When it comes to pitching, no publication is too big. In your lifetime, as an aspiring writer, you’re going to get rejected more times than you’ll be able to count. Aiming high, even if you think it’s too high, will help you gain confidence in pitching story ideas (creative or more journalistic/academic) and get used to that pre-written rejection email—or never hearing back at all.

If you do aim high, though, don’t forget to aim a little lower in-between the big pitches, too. You’re probably much more likely to start small and work your way up, so your best bet is probably to pitch ideas anywhere you can, as long as you pitch within that publication’s guidelines and in alignment with their brand.

 3. Write for your student newspaper or literary magazine

This might not sound very appealing to you if you’re a creative writer to the core, but you’d be surprised how much creative writing and journalism compliment each other.

Learning how to fine-tune your work and narrow down the focus of your pieces can really help you in your own writing, too. Plus, gaining experience interviewing people you don’t know won’t hurt, and the more you can prove to future employers you did all you could to get any kind of writing experience while you had the chance, the better.

 4. Form a peer review circle

If you’re not enrolled in a writing course that has a peer review component built into it, or even if you are and want more practice outside the classroom, form your own. Find fellow students who might be interested in having their work critiqued, and giving feedback on others’ work, in a group setting.

It doesn’t even have to be an official campus group or club: you can meet up informally once or twice a month at a local coffee shop to check up on each others’ progress and help hold each other accountable.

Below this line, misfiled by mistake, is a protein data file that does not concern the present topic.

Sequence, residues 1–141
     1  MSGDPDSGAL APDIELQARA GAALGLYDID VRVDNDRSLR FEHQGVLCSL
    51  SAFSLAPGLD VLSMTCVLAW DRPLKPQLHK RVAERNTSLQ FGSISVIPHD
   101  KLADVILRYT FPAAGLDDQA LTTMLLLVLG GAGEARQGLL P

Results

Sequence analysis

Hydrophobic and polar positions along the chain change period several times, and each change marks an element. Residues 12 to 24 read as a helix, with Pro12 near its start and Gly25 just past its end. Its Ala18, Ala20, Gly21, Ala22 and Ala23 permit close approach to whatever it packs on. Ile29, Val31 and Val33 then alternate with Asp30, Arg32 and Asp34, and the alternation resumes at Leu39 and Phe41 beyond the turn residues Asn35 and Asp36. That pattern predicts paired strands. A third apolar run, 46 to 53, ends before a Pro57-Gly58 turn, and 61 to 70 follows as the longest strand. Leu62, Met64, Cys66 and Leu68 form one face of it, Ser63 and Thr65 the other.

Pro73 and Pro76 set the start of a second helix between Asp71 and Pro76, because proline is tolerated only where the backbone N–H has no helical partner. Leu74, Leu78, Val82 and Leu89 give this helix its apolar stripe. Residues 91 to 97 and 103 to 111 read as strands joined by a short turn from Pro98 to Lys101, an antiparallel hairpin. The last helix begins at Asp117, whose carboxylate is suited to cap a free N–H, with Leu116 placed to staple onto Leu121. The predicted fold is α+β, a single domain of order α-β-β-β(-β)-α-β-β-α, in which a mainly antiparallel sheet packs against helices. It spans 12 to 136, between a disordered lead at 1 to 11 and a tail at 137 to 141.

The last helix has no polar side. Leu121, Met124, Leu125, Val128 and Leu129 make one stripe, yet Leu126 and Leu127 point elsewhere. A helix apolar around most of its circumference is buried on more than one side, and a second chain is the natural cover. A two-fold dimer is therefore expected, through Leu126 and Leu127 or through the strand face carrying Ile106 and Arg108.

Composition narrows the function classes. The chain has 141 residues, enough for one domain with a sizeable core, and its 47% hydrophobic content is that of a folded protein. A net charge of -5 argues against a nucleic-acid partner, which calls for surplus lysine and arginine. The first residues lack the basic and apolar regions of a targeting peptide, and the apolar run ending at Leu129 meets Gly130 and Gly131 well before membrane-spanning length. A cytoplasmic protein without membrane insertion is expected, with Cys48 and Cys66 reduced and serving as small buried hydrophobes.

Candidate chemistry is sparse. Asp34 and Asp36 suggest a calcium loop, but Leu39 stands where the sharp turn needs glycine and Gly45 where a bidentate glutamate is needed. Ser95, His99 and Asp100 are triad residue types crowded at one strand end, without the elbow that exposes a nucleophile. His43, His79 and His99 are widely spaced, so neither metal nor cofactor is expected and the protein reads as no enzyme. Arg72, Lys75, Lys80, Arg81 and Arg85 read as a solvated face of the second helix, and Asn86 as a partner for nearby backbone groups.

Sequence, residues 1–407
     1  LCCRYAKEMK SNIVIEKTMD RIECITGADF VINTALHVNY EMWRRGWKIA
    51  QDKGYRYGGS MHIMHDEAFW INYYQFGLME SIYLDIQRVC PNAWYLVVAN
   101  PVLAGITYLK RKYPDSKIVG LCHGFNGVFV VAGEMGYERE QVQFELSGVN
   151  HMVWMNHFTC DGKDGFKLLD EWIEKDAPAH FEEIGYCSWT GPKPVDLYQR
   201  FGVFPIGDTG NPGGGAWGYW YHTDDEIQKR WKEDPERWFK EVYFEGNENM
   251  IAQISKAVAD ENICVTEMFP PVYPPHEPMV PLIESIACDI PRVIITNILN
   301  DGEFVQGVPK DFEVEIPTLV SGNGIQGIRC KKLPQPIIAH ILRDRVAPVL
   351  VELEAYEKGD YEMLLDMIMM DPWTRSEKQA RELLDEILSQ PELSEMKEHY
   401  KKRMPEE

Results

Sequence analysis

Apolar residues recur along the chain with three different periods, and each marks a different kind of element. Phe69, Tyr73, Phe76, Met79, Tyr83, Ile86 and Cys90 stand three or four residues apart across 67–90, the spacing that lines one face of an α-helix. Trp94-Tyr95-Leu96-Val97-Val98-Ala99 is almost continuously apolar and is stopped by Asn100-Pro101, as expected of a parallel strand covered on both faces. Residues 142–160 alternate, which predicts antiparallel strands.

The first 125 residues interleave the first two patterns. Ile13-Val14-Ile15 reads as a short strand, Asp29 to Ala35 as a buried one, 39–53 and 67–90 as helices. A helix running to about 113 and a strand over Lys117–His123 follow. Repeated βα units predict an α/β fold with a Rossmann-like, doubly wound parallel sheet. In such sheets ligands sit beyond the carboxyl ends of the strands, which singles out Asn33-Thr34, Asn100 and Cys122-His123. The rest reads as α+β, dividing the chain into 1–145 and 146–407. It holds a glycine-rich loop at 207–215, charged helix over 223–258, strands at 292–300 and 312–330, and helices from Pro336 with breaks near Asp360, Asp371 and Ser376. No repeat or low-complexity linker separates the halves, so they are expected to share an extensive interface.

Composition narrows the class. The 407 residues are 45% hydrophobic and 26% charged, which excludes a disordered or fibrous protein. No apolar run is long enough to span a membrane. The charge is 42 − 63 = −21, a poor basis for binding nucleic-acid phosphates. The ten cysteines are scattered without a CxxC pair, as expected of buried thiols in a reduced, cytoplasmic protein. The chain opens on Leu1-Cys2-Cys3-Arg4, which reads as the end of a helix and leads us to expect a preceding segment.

5. Apply to work for your campus’s writing lab

Learning how to critique someone else’s grammar, structure and writing style can be an effective way to track down and improve on weaknesses in your own writing. Even helping students with their academic papers and other projects will keep your mind focused on writing even when you aren’t.

Besides, it will look good on your resume, and if there’s a small salary attached, even better.

You don’t have to wait until you have that degree to start your writing career. Gaining pub cred and networking with other writers and editors will serve as a major asset to you somewhere down the road. You won’t regret taking the extra time to make college all about writing, even if it’s a small part of everything you do as a student on and off campus.

Image courtesy of Novelty Revisions.

Five Things Aspiring Writers Should Never Do

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The list of things all aspiring writers SHOULD do always seems to get longer: write often. Have a writing partner. Join an online writing community. However, the list of things you shouldn’t do as a wannabe writer isn’t quite as set in stone.

If you have a successful career as a writer in your sights, here is a list of five things to avoid, and in a few cases, what to do instead.

1. Delete their work